If you find it hard to finish songs, this may be the cause: You haven’t started properly. You’re too focused on pulling all the elements of a good song together, and you don’t yet have one good main idea.
You’re starting too big. You vamp away on two or three chords, and hope a song happens.
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So the whole songwriting project stalls because you’ve been focusing on the final product without giving enough thought to all the individual bits that eventually get pulled together to make a song.
So that would be Tip #1: Unless a fairly complete song enters your mind in an almost complete state (and that will happen occasionally), you need to concentrate on getting a good main idea happening.
Most of the time, that good main idea will be the song’s chorus hook — the bit that everyone’s going to sing, and going to remember. Once that’s happening, you can try different ideas for your verse. You can try things, toss them out, try again, but at least you’ve still got that main chorus hook, which is a lot.
If your songwriting process constantly stalls, here are some more tips to add to Tip #1 above:
Tip #2: Let music guide your process.
It’s not absolutely necessary to know what your song is going to be about, at least not right away. Your audience doesn’t typically use topic as an initial source of attraction to a song.
So don’t be afraid to simply let the music happen, and then see where those sounds take your thought process. Topic can come after music.
Tip #3: Don’t keep using the same set-up to start songs.
If you find yourself always sitting on the edge of your bed, strumming chords to get song ideas happening, you’re basically going down the same creative road time and time again.
There’s little hope for innovation if you start every song the same way. So instead of strumming notes on a guitar, start playing ideas on a keyboard. You don’t need to be an accomplished keyboardist to use the instrument to generate song ideas.
Also, use a different room, write at a different time of day, try a different genre… do whatever it takes to change things up at the start of your process.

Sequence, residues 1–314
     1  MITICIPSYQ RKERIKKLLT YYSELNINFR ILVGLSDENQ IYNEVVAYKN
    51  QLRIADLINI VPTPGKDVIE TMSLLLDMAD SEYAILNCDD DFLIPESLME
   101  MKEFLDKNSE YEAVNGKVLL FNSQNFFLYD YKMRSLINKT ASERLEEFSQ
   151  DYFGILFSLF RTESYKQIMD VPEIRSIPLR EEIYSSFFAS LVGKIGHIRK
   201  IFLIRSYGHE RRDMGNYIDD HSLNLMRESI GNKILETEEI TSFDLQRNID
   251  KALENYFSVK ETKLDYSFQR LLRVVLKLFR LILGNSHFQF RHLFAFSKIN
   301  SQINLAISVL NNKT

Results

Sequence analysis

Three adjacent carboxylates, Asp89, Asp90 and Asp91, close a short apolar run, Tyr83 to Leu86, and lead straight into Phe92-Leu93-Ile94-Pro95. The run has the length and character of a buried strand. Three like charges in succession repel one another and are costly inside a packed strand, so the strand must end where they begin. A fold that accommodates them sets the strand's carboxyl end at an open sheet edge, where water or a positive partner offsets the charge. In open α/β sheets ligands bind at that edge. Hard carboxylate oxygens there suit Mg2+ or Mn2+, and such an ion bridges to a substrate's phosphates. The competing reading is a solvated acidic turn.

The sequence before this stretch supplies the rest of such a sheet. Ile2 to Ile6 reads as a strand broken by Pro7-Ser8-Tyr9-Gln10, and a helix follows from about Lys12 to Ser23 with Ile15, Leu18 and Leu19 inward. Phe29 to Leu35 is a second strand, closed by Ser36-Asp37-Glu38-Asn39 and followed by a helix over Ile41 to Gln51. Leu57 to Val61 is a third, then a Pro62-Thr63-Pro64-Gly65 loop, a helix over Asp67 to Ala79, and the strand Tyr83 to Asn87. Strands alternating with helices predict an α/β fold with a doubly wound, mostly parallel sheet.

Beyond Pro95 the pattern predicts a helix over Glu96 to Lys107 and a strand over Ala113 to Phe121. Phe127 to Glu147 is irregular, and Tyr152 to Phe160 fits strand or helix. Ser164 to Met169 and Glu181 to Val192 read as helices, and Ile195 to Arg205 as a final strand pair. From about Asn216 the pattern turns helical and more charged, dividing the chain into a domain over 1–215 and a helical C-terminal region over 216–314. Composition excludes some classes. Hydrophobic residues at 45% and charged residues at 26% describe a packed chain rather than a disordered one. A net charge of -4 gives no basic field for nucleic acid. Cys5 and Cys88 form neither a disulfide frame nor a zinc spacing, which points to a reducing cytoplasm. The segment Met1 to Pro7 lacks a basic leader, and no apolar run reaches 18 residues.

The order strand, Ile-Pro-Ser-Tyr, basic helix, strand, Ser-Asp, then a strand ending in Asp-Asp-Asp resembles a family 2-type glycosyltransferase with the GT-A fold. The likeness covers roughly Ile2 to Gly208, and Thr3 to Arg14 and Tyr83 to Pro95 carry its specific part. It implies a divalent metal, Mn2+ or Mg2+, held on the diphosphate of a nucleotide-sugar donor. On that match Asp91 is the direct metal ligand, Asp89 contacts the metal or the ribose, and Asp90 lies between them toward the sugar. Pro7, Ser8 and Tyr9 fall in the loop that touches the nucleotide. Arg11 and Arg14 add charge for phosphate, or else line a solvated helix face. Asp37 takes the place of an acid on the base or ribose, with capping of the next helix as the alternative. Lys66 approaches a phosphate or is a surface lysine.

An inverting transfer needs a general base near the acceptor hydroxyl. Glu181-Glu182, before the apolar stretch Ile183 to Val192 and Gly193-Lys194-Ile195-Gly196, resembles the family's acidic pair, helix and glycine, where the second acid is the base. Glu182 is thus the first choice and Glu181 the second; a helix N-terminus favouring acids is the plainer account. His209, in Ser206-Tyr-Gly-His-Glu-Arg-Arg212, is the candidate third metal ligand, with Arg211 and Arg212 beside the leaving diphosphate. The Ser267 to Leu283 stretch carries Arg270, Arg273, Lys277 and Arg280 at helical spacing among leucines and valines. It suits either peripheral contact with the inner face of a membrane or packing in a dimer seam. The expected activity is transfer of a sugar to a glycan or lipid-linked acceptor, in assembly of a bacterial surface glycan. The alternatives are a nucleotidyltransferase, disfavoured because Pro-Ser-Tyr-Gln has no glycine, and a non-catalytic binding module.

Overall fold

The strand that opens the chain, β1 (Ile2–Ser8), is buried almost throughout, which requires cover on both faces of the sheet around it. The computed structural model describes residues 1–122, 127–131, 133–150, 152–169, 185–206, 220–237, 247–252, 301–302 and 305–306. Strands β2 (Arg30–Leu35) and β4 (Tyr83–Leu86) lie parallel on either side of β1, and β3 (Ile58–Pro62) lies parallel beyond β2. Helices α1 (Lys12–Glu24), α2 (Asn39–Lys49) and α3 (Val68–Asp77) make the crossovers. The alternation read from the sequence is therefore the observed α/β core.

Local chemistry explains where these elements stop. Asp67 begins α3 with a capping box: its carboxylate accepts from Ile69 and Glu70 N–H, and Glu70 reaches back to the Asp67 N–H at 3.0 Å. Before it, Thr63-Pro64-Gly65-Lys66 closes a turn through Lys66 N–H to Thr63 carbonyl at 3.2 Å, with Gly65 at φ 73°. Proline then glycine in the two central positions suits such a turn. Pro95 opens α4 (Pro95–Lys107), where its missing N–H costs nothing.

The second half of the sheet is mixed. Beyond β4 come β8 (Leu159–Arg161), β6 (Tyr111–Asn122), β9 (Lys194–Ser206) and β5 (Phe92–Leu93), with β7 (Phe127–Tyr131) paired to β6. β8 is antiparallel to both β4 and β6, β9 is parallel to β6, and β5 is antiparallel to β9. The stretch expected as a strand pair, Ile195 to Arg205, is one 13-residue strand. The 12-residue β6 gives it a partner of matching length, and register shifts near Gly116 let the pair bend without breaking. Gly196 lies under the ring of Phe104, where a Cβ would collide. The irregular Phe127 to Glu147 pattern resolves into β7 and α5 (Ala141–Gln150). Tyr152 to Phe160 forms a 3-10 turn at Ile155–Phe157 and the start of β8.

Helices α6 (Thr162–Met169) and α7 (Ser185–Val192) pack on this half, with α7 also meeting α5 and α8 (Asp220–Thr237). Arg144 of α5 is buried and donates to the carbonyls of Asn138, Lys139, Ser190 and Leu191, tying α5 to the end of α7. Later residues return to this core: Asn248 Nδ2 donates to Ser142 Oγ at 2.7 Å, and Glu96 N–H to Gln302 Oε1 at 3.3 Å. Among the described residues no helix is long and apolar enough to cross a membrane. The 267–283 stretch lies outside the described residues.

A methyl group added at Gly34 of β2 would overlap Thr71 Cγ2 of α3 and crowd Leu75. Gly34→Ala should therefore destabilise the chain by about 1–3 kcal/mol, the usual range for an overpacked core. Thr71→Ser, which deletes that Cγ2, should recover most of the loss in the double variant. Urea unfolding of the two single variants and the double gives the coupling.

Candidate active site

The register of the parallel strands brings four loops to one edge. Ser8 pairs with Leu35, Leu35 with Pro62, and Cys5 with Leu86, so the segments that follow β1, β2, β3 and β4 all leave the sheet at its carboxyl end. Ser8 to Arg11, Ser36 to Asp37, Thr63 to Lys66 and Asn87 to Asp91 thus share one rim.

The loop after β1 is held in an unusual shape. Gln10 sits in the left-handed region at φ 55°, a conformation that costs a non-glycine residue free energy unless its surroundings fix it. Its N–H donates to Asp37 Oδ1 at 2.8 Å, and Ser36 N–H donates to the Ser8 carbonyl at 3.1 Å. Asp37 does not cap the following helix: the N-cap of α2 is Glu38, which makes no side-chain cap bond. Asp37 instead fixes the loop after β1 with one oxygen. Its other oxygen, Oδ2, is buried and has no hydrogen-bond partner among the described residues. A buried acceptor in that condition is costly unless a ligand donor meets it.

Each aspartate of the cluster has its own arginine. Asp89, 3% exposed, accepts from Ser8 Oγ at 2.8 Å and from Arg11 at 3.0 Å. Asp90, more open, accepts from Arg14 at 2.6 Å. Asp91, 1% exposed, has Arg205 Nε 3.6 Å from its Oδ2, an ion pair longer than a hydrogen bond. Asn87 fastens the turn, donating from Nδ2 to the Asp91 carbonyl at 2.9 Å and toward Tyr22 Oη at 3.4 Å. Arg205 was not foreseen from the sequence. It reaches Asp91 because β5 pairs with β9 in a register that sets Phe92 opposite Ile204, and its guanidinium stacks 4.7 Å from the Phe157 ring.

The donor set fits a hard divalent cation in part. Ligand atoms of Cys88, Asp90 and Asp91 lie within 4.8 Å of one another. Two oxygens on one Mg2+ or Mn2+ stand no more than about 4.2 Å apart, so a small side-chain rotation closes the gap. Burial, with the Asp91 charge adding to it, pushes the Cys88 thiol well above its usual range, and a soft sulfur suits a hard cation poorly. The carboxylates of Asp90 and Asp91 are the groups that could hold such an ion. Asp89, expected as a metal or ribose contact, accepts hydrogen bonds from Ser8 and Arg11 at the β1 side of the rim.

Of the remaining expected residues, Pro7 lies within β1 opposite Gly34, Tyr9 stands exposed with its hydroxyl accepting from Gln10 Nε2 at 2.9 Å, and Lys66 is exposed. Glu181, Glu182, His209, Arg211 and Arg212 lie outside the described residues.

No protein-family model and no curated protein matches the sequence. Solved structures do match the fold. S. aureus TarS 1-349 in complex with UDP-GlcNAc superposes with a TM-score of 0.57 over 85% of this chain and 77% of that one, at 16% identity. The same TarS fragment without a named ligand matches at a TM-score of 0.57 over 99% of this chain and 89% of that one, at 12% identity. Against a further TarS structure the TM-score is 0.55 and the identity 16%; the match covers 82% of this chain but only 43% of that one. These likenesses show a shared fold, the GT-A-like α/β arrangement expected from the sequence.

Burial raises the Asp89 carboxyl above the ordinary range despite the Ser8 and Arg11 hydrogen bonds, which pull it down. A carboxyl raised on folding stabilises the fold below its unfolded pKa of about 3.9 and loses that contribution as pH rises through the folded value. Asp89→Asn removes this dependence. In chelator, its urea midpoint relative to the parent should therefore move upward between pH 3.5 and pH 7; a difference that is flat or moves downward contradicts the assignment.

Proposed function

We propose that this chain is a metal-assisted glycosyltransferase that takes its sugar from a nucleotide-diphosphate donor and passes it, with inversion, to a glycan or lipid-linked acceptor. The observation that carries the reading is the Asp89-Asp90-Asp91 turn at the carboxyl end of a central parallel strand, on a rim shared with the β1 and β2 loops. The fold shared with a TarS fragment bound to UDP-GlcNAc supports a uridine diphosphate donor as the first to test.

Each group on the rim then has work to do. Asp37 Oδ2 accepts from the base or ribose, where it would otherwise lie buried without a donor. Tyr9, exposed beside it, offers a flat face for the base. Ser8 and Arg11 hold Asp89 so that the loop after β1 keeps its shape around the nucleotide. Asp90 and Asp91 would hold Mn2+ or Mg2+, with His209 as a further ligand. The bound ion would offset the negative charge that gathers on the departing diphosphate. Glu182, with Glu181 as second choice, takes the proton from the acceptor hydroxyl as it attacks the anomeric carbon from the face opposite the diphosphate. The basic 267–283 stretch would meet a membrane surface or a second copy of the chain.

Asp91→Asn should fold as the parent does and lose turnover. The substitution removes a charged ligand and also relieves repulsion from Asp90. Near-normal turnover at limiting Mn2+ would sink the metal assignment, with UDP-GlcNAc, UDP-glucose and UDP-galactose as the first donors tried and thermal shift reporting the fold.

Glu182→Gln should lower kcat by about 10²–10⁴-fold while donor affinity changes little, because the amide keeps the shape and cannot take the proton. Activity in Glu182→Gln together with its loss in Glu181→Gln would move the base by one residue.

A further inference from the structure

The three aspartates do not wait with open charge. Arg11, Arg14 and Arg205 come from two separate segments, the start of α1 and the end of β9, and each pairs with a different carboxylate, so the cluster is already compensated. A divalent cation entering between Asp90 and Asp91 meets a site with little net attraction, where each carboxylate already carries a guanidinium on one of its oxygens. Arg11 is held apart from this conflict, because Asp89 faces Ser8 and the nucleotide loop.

Tip #4: Keep a ‘Song Ideas’ Journal.
It’s important to keep all the ideas you come up with, because those ideas are where you’re likely going to find your next song.
And it’s important to think of it as a “Song Ideas” journal, not an “Unfinished Songs” journal, because there’s all sorts of negativity that comes from thinking that you simply couldn’t finish a song.
Tip #5: Look through your lyric for a possible lyrical hook.
If you’ve got the makings of a lyric, or if you have a poem, but don’t know how to start turning it into a song, it’s probably not the best idea to start at the beginning of the lyric, trying to come up with melodies.
The better approach is to get the hook happening first, and you do that by looking through the lyric and finding those two or three words that really click — that sound great together — that imply rhythm.
Once you’ve found those words, you’ve likely identified the chorus, the part that’s going to sound great when repeated. Once you’ve got a chorus idea happening (i.e., you’ve got a bit of melody, a mood, a rhythmic treatment, etc.), move back to the beginning of your lyric or poem, and you’ll suddenly find the task of setting it to music a little easier.
There is no one set of rules that tells us how to write. But there are principles — guidelines — that will help. The most important of those tips is probably Tip #1 – Think small, get a good, short idea happening.
Once you’ve got that, you’ve got a better shot at creating ideas that can partner up well with it.
Written by Gary Ewer. Follow Gary on Twitter
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